Jefferson, the lover. Nathan Langdon, who was indeed the census taker for
Albemarle County, smiled grimly. He was home. He was home in Virginia, with its
passions, its blood feuds, its pride, its duels, its Southern honor. And glad
of it. Even in the few weeks he had been back, the energy and efficiency of his
affected Northern manner had disappeared like a lizard's skin. The heat, the
languid pace of the tidy, beautiful mules, the lurch of the old-fashioned but
elegant buggy, the reins softly caressing the palms of his hands, all gently contributed
to make him feel at home. He settled his large frame into the cracked leather
of the seat and raised his eyes to the little cabin sitting on the boundary
between the wilderness of a ragged pine forest and the southernmost acres of
Monticello. As he did he saw a childlike figure standing in the lopsided
doorway. A woman. Sally Hemings. It must be. There were no other women out this
way.

 

 

The shadowed figure in the doorway stood stock-still. Why
was it that she could never control the dread and panic she felt at the
approach of a white man? Any white man. A familiar uneasiness settled in her
stomach. There had been only one white man she had ever welcomed. And he was
dead and buried behind this cabin on his little mountain.

At least Madison and Eston were not home. If there was
trouble, she preferred to face it alone. Facing down an angry white man was a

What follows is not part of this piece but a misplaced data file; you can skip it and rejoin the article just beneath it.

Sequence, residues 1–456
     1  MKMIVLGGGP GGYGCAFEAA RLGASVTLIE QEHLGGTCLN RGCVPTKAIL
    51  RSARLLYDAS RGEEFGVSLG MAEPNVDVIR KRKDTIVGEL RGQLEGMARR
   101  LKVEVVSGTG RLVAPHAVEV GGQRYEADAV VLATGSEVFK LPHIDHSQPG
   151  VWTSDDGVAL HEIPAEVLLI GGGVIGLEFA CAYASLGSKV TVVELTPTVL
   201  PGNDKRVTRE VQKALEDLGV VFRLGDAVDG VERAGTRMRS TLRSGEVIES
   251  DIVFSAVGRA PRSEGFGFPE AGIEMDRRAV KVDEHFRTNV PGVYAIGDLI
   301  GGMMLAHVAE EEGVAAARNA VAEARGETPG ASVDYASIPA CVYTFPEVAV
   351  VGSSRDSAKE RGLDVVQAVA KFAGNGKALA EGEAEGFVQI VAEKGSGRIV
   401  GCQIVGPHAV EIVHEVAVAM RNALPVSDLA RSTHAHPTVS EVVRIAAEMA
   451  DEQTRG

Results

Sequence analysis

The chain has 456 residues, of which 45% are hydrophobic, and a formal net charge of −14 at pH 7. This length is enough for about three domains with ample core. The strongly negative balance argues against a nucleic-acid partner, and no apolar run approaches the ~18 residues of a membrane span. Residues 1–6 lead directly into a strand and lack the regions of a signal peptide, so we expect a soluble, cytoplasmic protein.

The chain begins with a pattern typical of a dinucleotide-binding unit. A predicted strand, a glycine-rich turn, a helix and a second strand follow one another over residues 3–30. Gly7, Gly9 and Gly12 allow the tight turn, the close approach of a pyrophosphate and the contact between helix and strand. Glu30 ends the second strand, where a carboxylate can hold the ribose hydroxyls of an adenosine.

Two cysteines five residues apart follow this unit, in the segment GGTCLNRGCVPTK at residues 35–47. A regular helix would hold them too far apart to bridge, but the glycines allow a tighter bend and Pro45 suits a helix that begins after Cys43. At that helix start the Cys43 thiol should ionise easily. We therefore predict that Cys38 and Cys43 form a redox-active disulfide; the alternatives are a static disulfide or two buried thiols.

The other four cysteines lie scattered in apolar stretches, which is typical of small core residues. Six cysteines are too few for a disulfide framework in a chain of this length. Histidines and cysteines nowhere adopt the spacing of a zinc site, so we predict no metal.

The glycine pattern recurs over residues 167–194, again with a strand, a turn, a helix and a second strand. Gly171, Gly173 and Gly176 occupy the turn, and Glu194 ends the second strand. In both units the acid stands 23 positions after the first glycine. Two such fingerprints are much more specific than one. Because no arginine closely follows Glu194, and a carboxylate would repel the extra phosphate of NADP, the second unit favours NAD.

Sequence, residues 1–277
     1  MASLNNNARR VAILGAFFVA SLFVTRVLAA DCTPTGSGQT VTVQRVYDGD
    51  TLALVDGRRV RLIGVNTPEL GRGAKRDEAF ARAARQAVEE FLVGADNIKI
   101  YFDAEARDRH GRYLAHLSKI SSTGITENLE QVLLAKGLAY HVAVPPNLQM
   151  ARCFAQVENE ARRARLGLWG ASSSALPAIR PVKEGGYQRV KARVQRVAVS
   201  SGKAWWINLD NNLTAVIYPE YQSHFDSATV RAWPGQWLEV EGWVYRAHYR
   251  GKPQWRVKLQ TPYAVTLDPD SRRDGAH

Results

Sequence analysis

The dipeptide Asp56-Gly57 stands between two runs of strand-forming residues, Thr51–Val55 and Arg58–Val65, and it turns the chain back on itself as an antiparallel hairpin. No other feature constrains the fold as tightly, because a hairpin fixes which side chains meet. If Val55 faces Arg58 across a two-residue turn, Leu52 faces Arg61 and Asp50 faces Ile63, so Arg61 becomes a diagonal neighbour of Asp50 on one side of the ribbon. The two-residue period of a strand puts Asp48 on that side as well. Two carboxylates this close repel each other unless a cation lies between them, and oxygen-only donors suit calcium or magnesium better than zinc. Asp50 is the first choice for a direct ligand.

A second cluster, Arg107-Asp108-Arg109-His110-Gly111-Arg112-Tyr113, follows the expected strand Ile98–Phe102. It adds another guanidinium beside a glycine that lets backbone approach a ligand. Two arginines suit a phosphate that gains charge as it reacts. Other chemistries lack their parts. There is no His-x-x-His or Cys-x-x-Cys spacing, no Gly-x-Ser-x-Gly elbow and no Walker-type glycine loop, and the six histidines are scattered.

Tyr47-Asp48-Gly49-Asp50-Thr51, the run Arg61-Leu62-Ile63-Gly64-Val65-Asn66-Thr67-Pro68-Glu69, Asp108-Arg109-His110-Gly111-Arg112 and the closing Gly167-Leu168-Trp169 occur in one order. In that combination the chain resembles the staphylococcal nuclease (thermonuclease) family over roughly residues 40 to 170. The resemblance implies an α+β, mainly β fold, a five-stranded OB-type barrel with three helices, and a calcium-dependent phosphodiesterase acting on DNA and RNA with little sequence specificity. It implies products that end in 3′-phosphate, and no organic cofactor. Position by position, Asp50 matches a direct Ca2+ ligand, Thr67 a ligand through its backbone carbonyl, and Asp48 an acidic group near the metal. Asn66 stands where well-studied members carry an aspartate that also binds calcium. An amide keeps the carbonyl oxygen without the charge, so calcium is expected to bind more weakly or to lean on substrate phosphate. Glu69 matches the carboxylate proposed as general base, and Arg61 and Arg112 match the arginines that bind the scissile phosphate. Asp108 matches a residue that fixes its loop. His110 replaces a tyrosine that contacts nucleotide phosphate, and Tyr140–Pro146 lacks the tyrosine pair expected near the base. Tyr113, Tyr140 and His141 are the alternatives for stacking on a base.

black woman's job, not a black man's unless he was prepared to die. But then
this man just might be the census taker Madison had spoken about the other day.

She felt a strange calm. The sheriff would have an eviction
notice, if he had anything, and a writ to run them out of the State of
Virginia— which would suit her sons just fine, if they could leave peaceably.

Sally Hemings knew her presence in Virginia and that of her
sons depended on the will and whim of her niece, Martha Jefferson Randolph. It
was Martha who had manumitted her, and it was Martha who had persuaded her
friends in the legislature to allow her to stay. Her life here depended on
Martha, and Martha depended on her silence. Both had their reasons. So be it.
They both had reasons to keep silent— reasons that would die with them. It was
against the law for a freed slave to remain in Virginia more than a year and a
day from the date of emancipation. The slave risked being sold back into
slavery.

But she would die in Virginia, at Monticello, God willing,
and not in some desert scalped by wild Indians. Madison and Eston were young
and healthy. The West was their only chance; but she would finish her days
here. Her sons would simply have to wait. It wouldn't be all that long.

The white man was approaching on foot. Weaving in and out
of her apple orchards, the sun to his back. The pretty mules, shimmering in the
heat, were stopped quietly at the bottom of the pathway. Sally Hemings heard
the flutter of her chickens at roost in their pen, and felt the sun on her
eyelids as she closed them against the glare.

 

 

Nathan Langdon had practically forgotten his fascination
with Sally Hemings as he made his way toward the cabin. The strange destiny of
Sally Hemings seemed less urgent to ponder than his own future, now that he was
back.